If you get lost, you are having an adventure.

Don't drive in Naples!

The Costeria Amalfi (Amalfi Drive) is a piece of cake if you don't mind turning you wheel continuously. The buses will amaze you as much as the view.

If you make a U-turn on an unpaved road in the middle of nowhere in Toscana and drive into a ditch, someone will show up and pull you out. And then they will politely point out the turnabout 50 Mt. In front of where you had your adventure. Be sure to get their picture or no one will believe you. Of course, this is just a hypothetical example of the friendliness of Italian drivers!

If your car fits, its a parking space. In the hill towns, there is always a paid parking lot close to the center and usually lots of free parking. Unless it says Passo Carriable (or something close) which means no parking. Also learn the sign for no parking. I will not describe it. Have them show it to you at the car rental place.

In many towns and cities, parking is paid via a Parcheggio machine. You go to the machine and pay for your time and the machine prints a receipt. You put the receipt on the dash and go. Look to see when payment is necessary and when parking is free.

Stop often and eat gelato.

Last, don’t drive in Naples.

Actually, if you’re from Boston, forget all I said about Naples, Neapolitans drive like wimps.
 
Nov 30th, 2001, 08:27 PM
  #5  
Boomerbabe
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These are great Dean!
You've brought humor and insight to a subject that strikes terror into my heart:
Driving in Italy!

Thank you!
 
Nov 30th, 2001, 10:20 PM
  #6  
cheryl d.
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Dean, that was a hoot! Plus, every word is true. Thanks.
 
Dec 1st, 2001, 06:31 AM
  #7  
BOB THE NAVIGATOR
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Beautiful Dean--I could not have said it better. For good tips on driving and signage in Italy go to this site:
www.slowtrav.com I have driven in Italy about a dozen times and only had one problem. The cops in Perugia are still looking for me after I sped away from a toll gate after having failed to get a ticket near Naples when I got onto the Autostrada. How do you feel about driving in Naples ?
 
Dec 1st, 2001, 08:31 AM
  #8  
Dean
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Bob the N

It's a hoot compared to Boston!

Even cab rides in Naples are a real treat. Better than the Matterhorn at Disneyland and only $9.00 from the station to the Museo

As to run ins with the police, not only do I have the no ticket escapade on the strada, there was the speeding on the holiday by Ravenna where I got off scott free because I was a dumbamerican who didn't understand the solicitation for a bribe they were making.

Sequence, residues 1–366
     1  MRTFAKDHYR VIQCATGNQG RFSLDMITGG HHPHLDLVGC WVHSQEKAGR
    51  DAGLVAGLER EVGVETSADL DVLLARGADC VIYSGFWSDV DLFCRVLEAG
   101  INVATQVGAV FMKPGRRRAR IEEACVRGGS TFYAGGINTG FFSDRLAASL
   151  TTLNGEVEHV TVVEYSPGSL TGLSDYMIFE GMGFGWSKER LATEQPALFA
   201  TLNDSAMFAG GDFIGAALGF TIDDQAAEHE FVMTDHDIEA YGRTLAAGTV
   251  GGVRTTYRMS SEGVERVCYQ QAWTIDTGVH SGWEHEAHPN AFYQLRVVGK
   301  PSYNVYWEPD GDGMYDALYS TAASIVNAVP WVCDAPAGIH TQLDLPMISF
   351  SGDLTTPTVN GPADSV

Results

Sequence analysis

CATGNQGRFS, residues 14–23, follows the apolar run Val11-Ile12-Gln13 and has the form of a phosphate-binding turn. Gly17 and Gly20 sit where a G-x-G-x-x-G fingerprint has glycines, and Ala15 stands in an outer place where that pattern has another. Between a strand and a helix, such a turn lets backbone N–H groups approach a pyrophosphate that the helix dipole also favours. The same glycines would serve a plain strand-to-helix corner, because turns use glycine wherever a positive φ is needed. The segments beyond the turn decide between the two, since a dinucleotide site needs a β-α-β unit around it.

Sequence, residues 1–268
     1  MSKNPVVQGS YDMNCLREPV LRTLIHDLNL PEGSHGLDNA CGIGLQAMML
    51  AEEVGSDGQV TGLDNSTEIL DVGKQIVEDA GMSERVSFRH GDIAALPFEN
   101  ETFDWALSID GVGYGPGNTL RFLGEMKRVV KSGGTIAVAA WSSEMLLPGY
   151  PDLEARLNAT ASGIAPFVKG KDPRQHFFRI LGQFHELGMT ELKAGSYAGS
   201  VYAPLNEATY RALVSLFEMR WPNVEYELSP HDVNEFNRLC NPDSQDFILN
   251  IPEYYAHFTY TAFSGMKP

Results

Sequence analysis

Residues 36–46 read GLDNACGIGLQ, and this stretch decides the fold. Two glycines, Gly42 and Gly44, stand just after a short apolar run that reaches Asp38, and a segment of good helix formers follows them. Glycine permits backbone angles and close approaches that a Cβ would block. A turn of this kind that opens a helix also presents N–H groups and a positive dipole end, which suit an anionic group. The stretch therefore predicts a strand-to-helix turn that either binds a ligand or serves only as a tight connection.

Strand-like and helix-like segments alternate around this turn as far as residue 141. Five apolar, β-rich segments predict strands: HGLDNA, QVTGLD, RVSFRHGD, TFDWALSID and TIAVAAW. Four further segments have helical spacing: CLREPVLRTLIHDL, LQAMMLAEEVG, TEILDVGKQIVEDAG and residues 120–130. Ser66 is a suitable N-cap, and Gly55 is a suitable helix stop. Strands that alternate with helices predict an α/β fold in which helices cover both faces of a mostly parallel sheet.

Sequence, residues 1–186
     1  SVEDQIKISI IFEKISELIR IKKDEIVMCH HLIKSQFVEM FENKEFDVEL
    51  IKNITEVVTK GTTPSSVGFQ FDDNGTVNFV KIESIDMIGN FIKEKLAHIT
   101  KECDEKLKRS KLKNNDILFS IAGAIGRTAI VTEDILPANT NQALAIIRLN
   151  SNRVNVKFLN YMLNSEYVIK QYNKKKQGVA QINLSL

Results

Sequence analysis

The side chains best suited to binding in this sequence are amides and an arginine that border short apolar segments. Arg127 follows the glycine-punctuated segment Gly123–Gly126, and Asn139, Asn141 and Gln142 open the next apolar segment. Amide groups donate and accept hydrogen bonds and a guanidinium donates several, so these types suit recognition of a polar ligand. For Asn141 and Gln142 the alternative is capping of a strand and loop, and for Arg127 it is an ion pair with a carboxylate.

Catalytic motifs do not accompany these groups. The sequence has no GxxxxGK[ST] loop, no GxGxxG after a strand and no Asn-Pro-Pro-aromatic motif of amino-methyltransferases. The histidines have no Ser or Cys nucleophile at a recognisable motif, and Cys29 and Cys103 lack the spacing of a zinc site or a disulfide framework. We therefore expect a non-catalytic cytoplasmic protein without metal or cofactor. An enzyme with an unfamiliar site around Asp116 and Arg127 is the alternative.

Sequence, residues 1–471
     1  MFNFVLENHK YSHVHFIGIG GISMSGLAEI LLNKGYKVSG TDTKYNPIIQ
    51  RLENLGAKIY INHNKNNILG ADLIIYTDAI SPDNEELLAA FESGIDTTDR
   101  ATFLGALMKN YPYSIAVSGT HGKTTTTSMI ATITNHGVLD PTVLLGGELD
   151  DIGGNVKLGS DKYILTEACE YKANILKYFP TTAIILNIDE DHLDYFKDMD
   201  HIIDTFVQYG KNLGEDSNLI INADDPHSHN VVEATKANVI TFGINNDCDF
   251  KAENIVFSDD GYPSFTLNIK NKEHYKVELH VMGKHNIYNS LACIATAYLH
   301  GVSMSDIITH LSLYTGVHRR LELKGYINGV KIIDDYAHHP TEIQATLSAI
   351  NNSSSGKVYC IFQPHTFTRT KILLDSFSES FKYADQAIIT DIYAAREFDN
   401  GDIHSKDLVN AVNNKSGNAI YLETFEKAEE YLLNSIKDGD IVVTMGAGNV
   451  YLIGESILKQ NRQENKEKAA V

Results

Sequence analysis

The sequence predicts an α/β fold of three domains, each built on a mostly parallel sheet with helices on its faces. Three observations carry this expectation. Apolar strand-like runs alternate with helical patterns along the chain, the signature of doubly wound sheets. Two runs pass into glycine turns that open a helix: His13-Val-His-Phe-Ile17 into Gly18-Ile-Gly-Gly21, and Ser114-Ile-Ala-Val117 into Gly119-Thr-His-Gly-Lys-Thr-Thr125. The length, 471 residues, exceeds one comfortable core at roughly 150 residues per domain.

Dec 1st, 2001, 10:34 AM
  #9  
donna
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I'm not sure which lane it was, but I was able to use a 'regular' credit card in the toll lanes of the Autostade.
 
Dec 1st, 2001, 10:50 AM
  #10  
nancy
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it was FUN driving in Italy!
Although did get a bit lost in Rome
I esp. loved the parking.
(and I am not joking!)
But, I grew up learning to drive in N.Y.C
 
Dec 1st, 2001, 01:02 PM
  #11  
BillJ
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Dean, you are right on - that was great. I hope those of you wondering about driving in Italy read this. I always felt very comfortable driving in Italy, except the cities. But even in Rome or Florence, it has to be looked at as an "adventure." Like the first time you drive in San Francisco, or I imagine New York. So go for it. The freedom to stop any time you want is very rewarding.
 
Dec 2nd, 2001, 12:42 PM
  #12  
XXX
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What a hoot!
 
Dec 2nd, 2001, 06:57 PM
  #13  
az
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Dean-right on target! as someone else has said, driving Italy is like having a heart attack and enjoying it!
did you see the "rules" i posted earlier this year for driving the Amalfi Coast? you would probably understand them better and appreciate them more than most readers. if you haven't seen them, let me know and i'll top them for you.
thanx for your wit and insight.
 
Dec 2nd, 2001, 07:28 PM
  #14  
dean
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did not see you amalfi coast driving tips. Love to see them
 
Dec 3rd, 2001, 08:35 AM
  #15  
Sandy
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Dean: Now why don't you tell us how you REALLY feel about driving in Naples? Sandy.
 
Dec 3rd, 2001, 08:47 AM
  #16  
b
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Driving in new towns always is fun.
 
Dec 3rd, 2001, 08:56 AM
  #17  
Sallie
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Hi Dean. Thanks for the wonderful report. Do you (or anyone else) have any tips for a female driving alone? Your comments on the fast/crazy drivers make me a little gunshy. Help! Sallie
 
Dec 3rd, 2001, 10:07 AM
  #18  
sam
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Sallie -

Lock the doors; leave the maps under a jacket, unless your stopped and reading them; turn your large stoned rings into the palm, of your hand, keep one hand on the horn and drive like you're Mario Andretti.
 
Dec 3rd, 2001, 03:24 PM
  #19  
az
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Sallie--see Christina's responses to "Rules for Driving the Amalfi Coast" for an Italian female's approach to driving Italy. Her response #3 pretty well sums it up. You will have an unforgettable experience!
 
Dec 5th, 2001, 03:38 PM
  #20  
bob
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A few comments - In the last year we have taken 2 trips to Italy, the first year we drove from Rome to Florence. The second year we drove from Rome to the Amalfi Coast, then on to Naples, took the ferry to Sicily, and then spent 14 days driving in Sicily.

Let me first say that I have the experience of driving on Long Island and often in New York City. At no time did I find the driving in Italy to be more than I could take - even my experience in Naples.

Reading the comments on this forum really had me worried about the Amalfi Coast and Naples - I almost backed out. I am glad I didn't. The flexibility of having my own vehicle certainly outweighed the aggravation of driving.

I don't want to minimize the aggravation - if you are not comfortable in congestion or complicated situations, take a cab. But if you drive in U.S. metropolitan areas, you can probably cope with Italy - even Naples.

Bob